How to make potato and onion pakoras (fritters)

Apologies for being so cruel.  I have been busy telling you all about the amazing food in India and yet while there are certainly rather a lot of people in India (1,170,938,000 and counting) I know a lot of you are not in India at all.  So to try and make it up to you I am going to post a few Indian recipes that I have learnt during this trip.  The first is one of my favourites, pakoras.

The finished pakora – perfect with some mango chutney

Served piping hot and just the right side of crispy, the Indian snack of pakora is incredibly moreish.  Teamed with chutney pakoras combine both salty and sweet and I have learned from experience, they also makes the perfect accompaniment to a chilled beer or a cold glass of white wine.  This recipe is based on one I learnt from Sashi who runs cooking classes in the idyllic Rajasthan city of  Udaipur (more to come on Sashi in a later post).  This recipe uses potatoes and onions but you could use whichever vegetables you want like cauliflower, spinach or cubes of paneer.

Mixing all the dry ingredients together

4 cups oil
4 cloves garlic, peeled
1/2 tsp ginger
1 cup of chickpea (gram) flour
1/2 tsp red chilli powder
1/2 tsp coriander powder
2 small bunches of fresh coriander, chopped (including stalks)
1 pinch anise
1 pinch oregano seeds
1/2 tsp salt
1 pinch garam masala powder
1/2 cup water
2 onions, peeled and cut into 1cm thick rings
2 potatoes, peeled and sliced 1cm thick

Coating the sliced potato and onion
1.  Heat the 4 cups of oil in a frying pan.

2.  Grind the garlic and ginger together in a mortar and pestle until they form a paste.

3.  Put the chickpea flour in a bowl and add the dry herb ingredients then the coriander.

4.  Add the water slowly tot he flour and herb mix, mixing as you go using your hands to add air.  The final consistency should be a slightly runny paste.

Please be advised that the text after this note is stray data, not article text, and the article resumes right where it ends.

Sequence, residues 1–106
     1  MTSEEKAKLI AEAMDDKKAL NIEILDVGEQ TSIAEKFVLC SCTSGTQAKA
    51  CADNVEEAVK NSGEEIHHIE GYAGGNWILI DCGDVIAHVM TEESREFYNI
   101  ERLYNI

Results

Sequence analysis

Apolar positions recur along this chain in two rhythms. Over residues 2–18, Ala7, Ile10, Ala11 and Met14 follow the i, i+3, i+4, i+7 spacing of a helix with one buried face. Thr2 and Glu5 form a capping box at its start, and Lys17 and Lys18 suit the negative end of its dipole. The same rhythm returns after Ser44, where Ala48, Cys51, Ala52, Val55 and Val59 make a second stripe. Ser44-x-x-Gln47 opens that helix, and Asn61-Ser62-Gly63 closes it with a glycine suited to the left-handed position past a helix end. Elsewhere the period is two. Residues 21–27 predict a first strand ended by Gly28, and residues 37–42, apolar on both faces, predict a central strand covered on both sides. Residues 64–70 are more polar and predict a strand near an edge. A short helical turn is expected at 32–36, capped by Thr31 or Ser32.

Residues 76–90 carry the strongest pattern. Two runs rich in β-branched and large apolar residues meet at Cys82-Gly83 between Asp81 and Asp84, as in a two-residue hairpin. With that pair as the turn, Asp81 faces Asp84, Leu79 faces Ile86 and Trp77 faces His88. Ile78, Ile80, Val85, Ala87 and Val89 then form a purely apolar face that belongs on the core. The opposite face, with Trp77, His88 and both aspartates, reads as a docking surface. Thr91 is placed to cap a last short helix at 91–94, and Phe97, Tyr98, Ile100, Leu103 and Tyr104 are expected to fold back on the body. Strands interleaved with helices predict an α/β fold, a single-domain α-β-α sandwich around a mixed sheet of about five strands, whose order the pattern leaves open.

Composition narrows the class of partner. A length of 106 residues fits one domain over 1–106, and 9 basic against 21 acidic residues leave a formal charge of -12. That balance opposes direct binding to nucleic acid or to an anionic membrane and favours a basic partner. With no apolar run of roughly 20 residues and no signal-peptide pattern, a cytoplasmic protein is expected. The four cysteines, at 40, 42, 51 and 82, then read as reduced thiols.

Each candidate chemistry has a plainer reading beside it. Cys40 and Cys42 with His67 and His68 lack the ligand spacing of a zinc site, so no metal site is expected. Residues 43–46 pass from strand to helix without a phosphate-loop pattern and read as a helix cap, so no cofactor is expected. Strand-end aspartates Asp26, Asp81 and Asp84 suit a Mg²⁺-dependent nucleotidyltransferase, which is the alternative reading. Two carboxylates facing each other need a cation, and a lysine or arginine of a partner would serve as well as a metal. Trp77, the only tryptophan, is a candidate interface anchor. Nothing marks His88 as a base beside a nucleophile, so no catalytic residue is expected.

5.  Add the potatoes and onions to the wet mixture and combine so they are completely coated.

6.  Add 2 tbsp of hot oil from the frying pan into the mixture.  This is Sashi’s trick to make the pakora soft.

7.  Check that the oil in the frying pan is hot enough by putting a drop of the pakora mixture into the frying pan and checking if it floats to the top
8.  Take one slice of potato and one slice of the onion and drop them in the hot oil together to make one pakora.  Cook as many as possible at once in the oil.

9.  After 30 seconds turn the pakora using a slotted spoon, turning until both sides are brown.   Fish them out and drain on paper towel then serve immediately.

Cooking the pakora

Makes about 20 pakoras which would serve six people as an pre dinner nibble or just as a snack.  


  1. Dangerously good stuff.

  2. I love Indian food and this dish looks amazing and is making me hungry. Can’t wait for your next post!

  3. love indian food~~ these are dead easy to make oh no ill probably be able to finish it all of myself haha.. thanks for sharing!!

  4. Tori – Yes a bit too dangerous!

    Hotly Spiced – Indian food is great isn’t it?

    Betty – I could probably finish them myself as well to be honest…

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